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China's Extreme Lockdown Creating Daily Struggles for Residents

The Xi'an COVID lockdown directly impacts more than 13 million residents of one of China's biggest cities, ahead of the Winter Olympics


Thirteen million residents remain under a two-week-old lockdown, while authorities continue to say they can provide food, healthcare, and other necessities for residents.

However, citizens have described difficulties obtaining supplies and frustration with the economic impact on one of China’s largest cities.

Officials have defended the extreme measures as appropriate and necessary to stem the looming outbreak of COVID-19. China is determined to a zero COVID reality with the Beijing Winter Olympics just a month away.

The Xi’an restrictions were imposed on Dec. 23. The lockdown is among the harshest since China imposed a strict lockdown on more than 11 million people in and around the central city of Wuhan in late 2019. 

The measures are part of China’s “zero COVID-19” policy, including widespread testing and mask mandates.

Xi’an has seen more than 1,600 cases in its latest surge of the Delta variant that is reportedly less infectious than the new Omicron strain. 

China has reported 102,841 cases and 4,636 deaths since the pandemic began in 2019.

While the numbers are far lower than the U.S. and many other countries, they show the virus’ impact even with extreme measures being taken.

Last week, the country’s Commerce Ministry said it had contacted nearby provinces to help ensure adequate supplies of everyday necessities for Xi’an. The state media reports say some residents receive free grocery packages, including eggs, rice, green vegetables, and chicken or pork.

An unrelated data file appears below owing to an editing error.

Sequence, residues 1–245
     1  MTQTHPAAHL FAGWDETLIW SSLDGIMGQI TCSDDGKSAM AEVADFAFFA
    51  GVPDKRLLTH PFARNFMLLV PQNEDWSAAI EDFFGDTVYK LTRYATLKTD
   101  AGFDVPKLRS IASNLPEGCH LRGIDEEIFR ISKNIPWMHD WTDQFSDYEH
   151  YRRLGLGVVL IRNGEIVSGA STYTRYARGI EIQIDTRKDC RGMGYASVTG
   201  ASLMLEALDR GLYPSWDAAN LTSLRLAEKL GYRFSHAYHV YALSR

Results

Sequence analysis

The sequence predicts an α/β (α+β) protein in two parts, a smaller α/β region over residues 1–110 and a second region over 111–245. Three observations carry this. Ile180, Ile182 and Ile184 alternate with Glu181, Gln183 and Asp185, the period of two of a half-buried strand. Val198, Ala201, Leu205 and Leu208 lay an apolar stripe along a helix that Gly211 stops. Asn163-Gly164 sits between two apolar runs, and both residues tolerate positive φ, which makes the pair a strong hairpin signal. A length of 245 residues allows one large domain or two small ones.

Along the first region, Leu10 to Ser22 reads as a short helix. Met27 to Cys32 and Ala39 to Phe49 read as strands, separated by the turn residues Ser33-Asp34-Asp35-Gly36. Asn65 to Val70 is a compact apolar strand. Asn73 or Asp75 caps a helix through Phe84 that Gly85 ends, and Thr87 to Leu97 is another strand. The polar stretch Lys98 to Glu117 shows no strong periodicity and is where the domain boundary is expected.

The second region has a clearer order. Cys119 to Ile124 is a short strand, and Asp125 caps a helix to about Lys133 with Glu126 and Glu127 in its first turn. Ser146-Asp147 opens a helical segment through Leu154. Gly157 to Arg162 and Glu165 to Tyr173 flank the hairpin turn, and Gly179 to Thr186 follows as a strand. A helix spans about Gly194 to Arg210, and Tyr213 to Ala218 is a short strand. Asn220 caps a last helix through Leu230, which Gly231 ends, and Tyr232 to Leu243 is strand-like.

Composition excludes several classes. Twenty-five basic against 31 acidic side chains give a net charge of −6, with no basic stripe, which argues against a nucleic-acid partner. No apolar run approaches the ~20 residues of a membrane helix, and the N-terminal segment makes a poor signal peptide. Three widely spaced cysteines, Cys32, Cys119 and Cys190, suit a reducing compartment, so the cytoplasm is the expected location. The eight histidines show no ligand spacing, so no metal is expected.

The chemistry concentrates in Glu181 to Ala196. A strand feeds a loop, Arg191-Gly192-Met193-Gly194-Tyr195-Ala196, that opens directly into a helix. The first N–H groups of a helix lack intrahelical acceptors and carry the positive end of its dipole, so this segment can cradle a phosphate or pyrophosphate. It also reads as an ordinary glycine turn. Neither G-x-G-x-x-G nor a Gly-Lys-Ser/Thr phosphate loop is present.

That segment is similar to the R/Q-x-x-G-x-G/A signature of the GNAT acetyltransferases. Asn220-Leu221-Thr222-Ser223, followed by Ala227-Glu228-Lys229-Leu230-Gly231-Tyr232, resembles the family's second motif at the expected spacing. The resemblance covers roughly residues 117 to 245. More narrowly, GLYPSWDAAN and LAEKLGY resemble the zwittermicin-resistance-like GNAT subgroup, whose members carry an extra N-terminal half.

The grocery program came after city authorities tightened restrictions that had allowed people to leave their homes every other day to buy necessities. Traveling to and from the city is suspended, with some exceptions and rules relaxed in districts with fewer or fewer cases.

According to state media, a third round of mass testing has also been ordered. The city claims to be capable of swabbing 10 million people in just seven hours and processing up to 3 million results in just 12 hours.

China has not reported a shortage of beds, medical equipment, or staff in Xi’an — despite other nations being overwhelmed by the pandemic response.

Athletes, officials, and journalists are soon entering the anti-pandemic region for the Olympic Winter Games and will remain within it until the Feb. 4-20 games conclude.

China is not permitting fans from outside of the country. Most spectators are expected to be from schools, government offices, and the military rather than the general public.

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